Flood

Here are 2 paintings I’ve started as part of my ‘flood’ project. I regularly travel through the Somerset levels and the Exe flood plain where water and land are often fighting each other for supremacy. Like many artists, I’m interested in capturing the transience of light and water. Both Devon and Somerset offer great opportunities for exploring such interplay.

In this practice piece, ‘Levels’ (below), I have have divided the canvas with bands of colour representing the different depths this flat landscape presents as well depicting the water, grass, hedge line and hills beyond. It is a landscape I know well and love, as it symbolises the way home. The shapes and angles I see from my seat on the train as I speed by have always given me enjoyment.

This particular painting is unfinished. Using oil paints will often incur enforced periods of reflection while you wait for the paint to dry which is beneficial for working out how you will proceed. In the meantime you can start a new picture and come back to the first at a later date. It’s a very useful habit to get into. I’ve yet to come back to ‘Levels’ but I have sketched out ideas for a similar paintings.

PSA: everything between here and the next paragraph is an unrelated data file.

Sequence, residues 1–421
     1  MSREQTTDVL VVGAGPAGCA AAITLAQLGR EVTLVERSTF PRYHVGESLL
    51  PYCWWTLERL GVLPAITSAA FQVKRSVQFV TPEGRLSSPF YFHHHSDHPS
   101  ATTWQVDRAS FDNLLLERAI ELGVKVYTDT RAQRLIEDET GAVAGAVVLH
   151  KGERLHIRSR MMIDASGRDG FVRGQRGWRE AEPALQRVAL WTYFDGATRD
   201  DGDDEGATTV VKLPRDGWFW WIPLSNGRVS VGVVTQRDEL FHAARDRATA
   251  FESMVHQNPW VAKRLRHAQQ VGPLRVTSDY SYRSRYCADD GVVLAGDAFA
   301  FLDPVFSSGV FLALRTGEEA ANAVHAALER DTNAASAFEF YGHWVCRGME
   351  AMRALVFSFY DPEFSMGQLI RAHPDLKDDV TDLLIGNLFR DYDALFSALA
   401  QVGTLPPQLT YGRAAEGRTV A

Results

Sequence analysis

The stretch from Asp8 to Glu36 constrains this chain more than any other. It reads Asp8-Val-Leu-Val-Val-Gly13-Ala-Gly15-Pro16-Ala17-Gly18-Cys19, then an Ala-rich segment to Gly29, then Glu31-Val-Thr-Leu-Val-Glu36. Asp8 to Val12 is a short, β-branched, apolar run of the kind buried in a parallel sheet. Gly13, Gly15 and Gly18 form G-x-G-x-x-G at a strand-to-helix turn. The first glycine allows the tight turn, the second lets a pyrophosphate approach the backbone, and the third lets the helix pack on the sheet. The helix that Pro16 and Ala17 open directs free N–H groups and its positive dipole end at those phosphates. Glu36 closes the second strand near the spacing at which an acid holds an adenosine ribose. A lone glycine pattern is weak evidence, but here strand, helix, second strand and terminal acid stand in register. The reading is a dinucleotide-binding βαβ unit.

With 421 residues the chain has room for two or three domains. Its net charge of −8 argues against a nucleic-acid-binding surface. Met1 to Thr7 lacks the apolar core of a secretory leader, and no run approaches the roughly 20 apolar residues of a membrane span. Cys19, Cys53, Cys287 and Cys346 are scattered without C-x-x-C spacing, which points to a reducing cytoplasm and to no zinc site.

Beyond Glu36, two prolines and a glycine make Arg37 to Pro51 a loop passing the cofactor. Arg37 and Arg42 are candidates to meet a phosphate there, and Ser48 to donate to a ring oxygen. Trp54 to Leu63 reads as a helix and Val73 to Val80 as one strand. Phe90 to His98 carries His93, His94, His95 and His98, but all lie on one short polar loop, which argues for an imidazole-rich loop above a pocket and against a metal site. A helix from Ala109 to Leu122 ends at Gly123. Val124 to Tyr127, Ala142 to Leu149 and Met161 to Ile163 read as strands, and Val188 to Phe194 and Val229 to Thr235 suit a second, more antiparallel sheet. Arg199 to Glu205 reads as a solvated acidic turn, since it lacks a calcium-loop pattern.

Levels Oil on canvas 41 x 41cm
Levels
Oil on canvas
41 x 41cm

Both of these paintings were made after a trip through the Somerset levels in Winter. The colours really were as bright as this. I love winter for many reasons but especially for finding colour in what at first appears to be a grey landscape which others might describe as depressing. A winter landscape can be subtle and striking. Muted colours contrasted against the harsh jagged shapes of leafless trees or the long shadows just before dusk. The light changes quickly in winter, days are shorter and the opportunities for capturing such transitions, reduced.

 

Flood Oil on canvas 41 x 41cm
Flood
Oil on canvas
41 x 41cm

You’ll see more of my Flood project as it develops. I’ll post the results here and on the paintings page of this site.

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